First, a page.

Tax perks for Thai firm under fire

House committees question 6-yr exemption from taxes, import duties

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10:17 PM December 6th, 2012

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December 6th, 2012 10:17 PM

CONTESTANTS chase locally grown pigs, to be slaughtered for a feast, during Benguet Foundation Day last month. The province is among several in Luzon that have struggling backyard hog-raising industries that a hog raisers’ group said are now being threatened by a Thai company’s entry. EV ESPIRITU/INQUIRER NORTHERN LUZON

DAGUPAN CITY—The House committees on agriculture and on food security have asked the Bureau of Investments (BOI) to suspend the tax incentives granted to a Thai food giant, according to a swine industry leader.

Rosendo So, chair of the Abono party-list group and director of the Swine Development Council, said on Thursday that the House committees conducted a hearing on Tuesday to determine whether the government erred in granting a six-year tax holiday to the Thailand-based Charoen Pokphand (CP) Foods, a food conglomerate which has invested in a local poultry farm project.

The BOI granted CP Foods a pioneer investor status, which would allow it to enjoy six years of tax holidays for raising and manufacturing hog meat products, and from four to seven years in financial benefits for poultry products.

Pioneer status

The status also provides CP Foods the privilege of not paying tariff on imported feed ingredients, equipment and other materials needed for the operations of its hog and poultry farms.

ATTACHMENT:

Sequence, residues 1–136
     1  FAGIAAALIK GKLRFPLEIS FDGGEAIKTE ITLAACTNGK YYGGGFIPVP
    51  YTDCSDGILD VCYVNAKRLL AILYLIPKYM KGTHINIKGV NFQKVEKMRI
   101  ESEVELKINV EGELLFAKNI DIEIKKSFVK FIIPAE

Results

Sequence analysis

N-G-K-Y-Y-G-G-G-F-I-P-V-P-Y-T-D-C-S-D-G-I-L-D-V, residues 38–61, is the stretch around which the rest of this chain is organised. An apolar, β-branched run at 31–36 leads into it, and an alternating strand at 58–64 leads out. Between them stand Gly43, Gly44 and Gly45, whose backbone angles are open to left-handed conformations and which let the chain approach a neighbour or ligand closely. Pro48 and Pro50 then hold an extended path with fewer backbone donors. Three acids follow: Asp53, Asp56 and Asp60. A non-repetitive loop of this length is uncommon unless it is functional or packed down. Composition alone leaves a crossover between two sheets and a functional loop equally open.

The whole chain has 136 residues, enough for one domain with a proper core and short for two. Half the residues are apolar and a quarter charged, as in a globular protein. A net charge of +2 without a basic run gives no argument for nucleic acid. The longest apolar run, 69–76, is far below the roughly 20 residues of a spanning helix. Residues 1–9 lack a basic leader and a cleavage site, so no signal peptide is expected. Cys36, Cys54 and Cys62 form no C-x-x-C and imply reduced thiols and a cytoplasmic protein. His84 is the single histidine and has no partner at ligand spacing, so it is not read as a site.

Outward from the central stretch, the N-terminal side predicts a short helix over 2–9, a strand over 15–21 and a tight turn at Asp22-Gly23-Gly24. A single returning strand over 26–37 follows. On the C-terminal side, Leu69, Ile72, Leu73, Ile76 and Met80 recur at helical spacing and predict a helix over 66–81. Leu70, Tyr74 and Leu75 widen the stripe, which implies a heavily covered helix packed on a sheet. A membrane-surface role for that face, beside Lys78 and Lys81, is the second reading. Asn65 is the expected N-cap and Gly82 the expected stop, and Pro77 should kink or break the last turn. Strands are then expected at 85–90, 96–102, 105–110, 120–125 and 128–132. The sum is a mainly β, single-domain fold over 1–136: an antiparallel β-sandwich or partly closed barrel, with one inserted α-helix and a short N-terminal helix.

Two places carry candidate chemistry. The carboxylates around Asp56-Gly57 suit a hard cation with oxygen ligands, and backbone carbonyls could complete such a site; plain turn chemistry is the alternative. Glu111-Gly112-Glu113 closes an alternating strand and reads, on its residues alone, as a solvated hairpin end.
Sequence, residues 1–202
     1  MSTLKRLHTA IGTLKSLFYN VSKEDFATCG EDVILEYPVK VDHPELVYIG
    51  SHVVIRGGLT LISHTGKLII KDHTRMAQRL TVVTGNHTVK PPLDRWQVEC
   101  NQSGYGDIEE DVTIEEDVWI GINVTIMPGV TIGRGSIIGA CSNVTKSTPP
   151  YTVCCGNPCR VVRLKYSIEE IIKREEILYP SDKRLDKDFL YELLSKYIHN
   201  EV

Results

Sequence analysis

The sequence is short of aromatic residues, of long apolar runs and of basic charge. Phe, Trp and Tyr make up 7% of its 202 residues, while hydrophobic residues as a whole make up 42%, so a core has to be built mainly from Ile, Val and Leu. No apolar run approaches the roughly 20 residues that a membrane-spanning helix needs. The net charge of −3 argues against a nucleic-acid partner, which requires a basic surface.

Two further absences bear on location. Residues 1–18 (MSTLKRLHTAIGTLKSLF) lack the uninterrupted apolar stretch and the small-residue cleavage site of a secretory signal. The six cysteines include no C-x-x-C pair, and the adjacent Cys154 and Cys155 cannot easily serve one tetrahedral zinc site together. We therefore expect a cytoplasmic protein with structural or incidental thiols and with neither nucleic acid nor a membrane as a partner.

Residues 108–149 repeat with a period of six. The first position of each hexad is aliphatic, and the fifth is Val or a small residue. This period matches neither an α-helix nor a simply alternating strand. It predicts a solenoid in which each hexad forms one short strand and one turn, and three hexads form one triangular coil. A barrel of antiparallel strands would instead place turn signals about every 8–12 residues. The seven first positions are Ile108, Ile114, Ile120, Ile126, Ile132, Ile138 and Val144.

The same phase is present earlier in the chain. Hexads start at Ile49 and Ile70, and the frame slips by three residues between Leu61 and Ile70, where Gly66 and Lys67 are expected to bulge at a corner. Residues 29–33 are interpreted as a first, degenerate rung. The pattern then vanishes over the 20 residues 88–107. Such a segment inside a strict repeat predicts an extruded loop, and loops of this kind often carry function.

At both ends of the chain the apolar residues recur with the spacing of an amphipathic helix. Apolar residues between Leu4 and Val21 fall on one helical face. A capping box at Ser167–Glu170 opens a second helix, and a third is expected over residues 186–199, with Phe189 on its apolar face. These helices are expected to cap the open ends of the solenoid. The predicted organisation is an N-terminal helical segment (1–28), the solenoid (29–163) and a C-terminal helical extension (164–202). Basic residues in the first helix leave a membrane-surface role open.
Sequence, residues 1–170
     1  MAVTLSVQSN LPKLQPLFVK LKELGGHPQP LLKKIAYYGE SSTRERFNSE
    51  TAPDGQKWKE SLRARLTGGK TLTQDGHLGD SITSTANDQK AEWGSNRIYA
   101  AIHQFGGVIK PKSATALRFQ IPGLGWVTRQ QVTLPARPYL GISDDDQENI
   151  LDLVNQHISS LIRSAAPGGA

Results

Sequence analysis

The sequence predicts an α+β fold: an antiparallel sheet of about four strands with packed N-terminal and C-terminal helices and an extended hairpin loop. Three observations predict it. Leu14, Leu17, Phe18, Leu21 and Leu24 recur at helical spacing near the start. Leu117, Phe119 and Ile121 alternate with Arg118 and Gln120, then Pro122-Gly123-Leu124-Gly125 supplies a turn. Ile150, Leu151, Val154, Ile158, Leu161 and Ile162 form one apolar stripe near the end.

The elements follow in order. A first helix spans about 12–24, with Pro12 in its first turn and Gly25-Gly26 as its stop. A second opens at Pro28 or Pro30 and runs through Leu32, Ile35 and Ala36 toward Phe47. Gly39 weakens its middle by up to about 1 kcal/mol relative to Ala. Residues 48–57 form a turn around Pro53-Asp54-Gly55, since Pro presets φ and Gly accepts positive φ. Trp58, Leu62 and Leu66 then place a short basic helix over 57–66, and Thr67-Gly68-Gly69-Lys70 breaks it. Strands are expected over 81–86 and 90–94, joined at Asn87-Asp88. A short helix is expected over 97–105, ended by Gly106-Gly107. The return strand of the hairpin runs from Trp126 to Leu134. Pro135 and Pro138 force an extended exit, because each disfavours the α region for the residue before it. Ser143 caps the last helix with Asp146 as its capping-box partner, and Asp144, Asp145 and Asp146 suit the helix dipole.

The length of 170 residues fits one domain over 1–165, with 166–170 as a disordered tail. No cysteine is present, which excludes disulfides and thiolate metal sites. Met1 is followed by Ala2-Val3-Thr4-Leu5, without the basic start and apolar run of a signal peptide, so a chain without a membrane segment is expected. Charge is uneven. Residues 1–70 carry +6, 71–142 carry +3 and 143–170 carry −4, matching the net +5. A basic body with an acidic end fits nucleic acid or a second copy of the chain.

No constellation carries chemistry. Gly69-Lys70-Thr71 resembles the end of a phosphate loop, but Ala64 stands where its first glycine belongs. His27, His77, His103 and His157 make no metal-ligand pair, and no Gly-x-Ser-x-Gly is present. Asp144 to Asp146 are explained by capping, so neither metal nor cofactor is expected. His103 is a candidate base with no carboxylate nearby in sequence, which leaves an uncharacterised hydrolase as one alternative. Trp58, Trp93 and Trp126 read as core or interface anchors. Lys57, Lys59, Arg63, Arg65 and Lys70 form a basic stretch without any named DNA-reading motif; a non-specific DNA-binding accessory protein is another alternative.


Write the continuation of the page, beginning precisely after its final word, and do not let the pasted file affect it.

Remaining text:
So attended the House committee meeting but the Thai firm did not send any representative.

“The committees found plenty of irregularities in granting [CP Foods a pioneer investor status that would allow it to build a poultry enterprise at the heart of Central Luzon’s meat trade],” he said.

He said among the irregularities are the apparent acquisition of over 100 hectares of property in various parts of Central Luzon, which CP Foods would use to develop its poultry project.

“Foreigners cannot own lands in the country, and CP Foods is a 100-percent foreign-owned company. How was it able to acquire pieces of land?” So said.

The Thai firm first started business in Cebu in 2007. It has since bought properties in Floridablanca and the City of San Fernando in Pampanga; Gerona, Tarlac; Jaen, Nueva Ecija, and Bataan, according to reports.

What lands?

So released a statement detailing the outcome of the committee meeting. It said Department of Agrarian Reform Director Nestor Floranda had testified he was unaware of lands being developed for the Thai firm because 80 percent of agricultural lands in Luzon have been converted into agrarian land and distributed to farmers.

So said the ambiguities in the regulation of CP Foods also imperiled local hog and poultry raisers.

“The Department of Trade and Industry did not specify that CP Foods was required to sell its meat products to the processing plants, so it could sell its products instead in the wet markets and would therefore compete with the local hog raisers,” So said.

“The playing field is clearly uneven and very disadvantageous to the local farmers, if [CP Food’s incentives] push through. We are not against CP Foods operating in the country but the company should not be given the perks and privileges that would kill the local industry,” he said.

He also questioned CP Food’s pioneer investor status because, he said, it is not introducing meat producing technology.

CP Foods is expected to invest between P4 billion and P7 billion and provide jobs to 1,800 workers. But So said it may displace up to seven million workers in the hog and poultry sectors.

In the group’s statement, several congressmen were quoted as saying they were demanding an investigation of the grant of a tax holiday and other incentives to the Thai firm. Yolanda Sotelo, Inquirer Northern Luzon

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